In 1999, in the book The Whole Woman, Germaine Greer published a sequel to The Female Eunuch. One chapter was titled "Pantomime Dames", wherein she states her opposition to accepting trans women who were assigned male at birth as women:

Governments that consist of very few women have hurried to recognise as women men who believe that they are women and have had themselves castrated to prove it, because they see women not as another sex but as a non-sex.[11]

In 2011 Camille Paglia criticized transsexualism as a current fashion and claimed that transgender celebrities such as Chaz Bono are "mutilating"[12] their bodies and "popping their pills and shooting themselves up with male hormone every day."[13]

Perhaps the most visible site of conflict between feminists and trans women was the Michigan Womyn's Music Festival. The festival ejected a transgender woman, Nancy Burkholder, in the early 1990s.[14] Since then, the festival has maintained that it is intended for "womyn-born womyn" only.[15][16] The festival ended in 2015.

Many of those opposed to the exclusion of trans women from the feminist movement or the definition of "woman" refer to those who do as trans-exclusionary radical feminists, or "TERFs". The Transadvocate has criteria pertaining to what is considered "TERF" ideology.[17] Another set of criteria are offered by the website, stating that "TERFs" "[exclude] trans people from housing, employment, education, and accommodation equality as well as local, state, national and United Nations protections."[18] The term is considered a slur by those at whom it is directed, as it is often accompanied with abusive language and imposed on the target group against their will, among other reasons.[19][20][21][22]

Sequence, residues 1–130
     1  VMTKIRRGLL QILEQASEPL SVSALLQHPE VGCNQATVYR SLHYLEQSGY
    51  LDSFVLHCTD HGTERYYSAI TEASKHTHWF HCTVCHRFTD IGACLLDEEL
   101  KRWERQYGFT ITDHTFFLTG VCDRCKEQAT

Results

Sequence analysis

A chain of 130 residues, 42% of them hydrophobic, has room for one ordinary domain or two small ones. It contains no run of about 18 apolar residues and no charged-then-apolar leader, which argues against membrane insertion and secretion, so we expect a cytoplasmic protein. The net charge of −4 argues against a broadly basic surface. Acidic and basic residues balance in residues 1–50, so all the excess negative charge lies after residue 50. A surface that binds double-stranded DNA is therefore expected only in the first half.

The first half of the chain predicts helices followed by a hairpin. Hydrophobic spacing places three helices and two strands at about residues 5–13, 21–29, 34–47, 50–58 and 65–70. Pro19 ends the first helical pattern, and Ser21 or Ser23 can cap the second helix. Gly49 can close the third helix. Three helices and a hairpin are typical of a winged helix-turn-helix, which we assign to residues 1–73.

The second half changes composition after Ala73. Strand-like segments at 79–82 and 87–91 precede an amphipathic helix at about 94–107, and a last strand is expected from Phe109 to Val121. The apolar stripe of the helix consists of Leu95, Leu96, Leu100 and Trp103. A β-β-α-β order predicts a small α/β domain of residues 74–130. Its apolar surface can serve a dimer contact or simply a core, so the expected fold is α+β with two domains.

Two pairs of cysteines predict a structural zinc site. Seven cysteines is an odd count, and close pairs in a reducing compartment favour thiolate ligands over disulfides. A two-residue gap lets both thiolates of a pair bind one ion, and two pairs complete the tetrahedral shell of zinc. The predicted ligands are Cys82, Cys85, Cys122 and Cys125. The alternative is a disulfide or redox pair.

Examples of More Supportive Attitudes Edit

We are, clearly, a multi-sexed species which has its sexuality spread along a vast fluid continuum where the elements called male and female are not discrete.

Andrea Dworkin

In Woman Hating: A Radical Look at Sexuality, published in 1974, radical feminist writer and activist Andrea Dworkin called for the support of transsexuals, whom she viewed as "in a state of primary emergency" due to "the culture of male–female discreteness". Dworkin asserted that "every transsexual has the right to survival on his/her own terms. That means every transsexual is entitled to a sex-change operation, and it should be provided by the community as one of its functions." She further opined that the phenomenon of transsexuality might disappear in a free society, giving way to entirely new identities.[23]

In a 2014 interview, Judith Butler argued for civil rights for trans people: "[N]othing is more important for transgender people than to have access to excellent health care in trans-affirmative environments, to have the legal and institutional freedom to pursue their own lives as they wish, and to have their freedom and desire affirmed by the rest of the world." Moreover, she responded to some of Sheila Jeffreys and Janice Raymond's criticisms of trans people, calling their criticisms "prescriptivism" and "tyranny." According to Butler, trans people are not created by medical discourse but rather develop new discourses through self-determination.[24]

Trans Views of Feminism Edit

Trans individuals' views of feminism have also been historically mixed, ranging from indifference, to frustration with trans-exclusionary feminism, to embracement despite frustration. The following quote illustrates some of these feelings:

The relationship between transwomen and feminism is, complicated.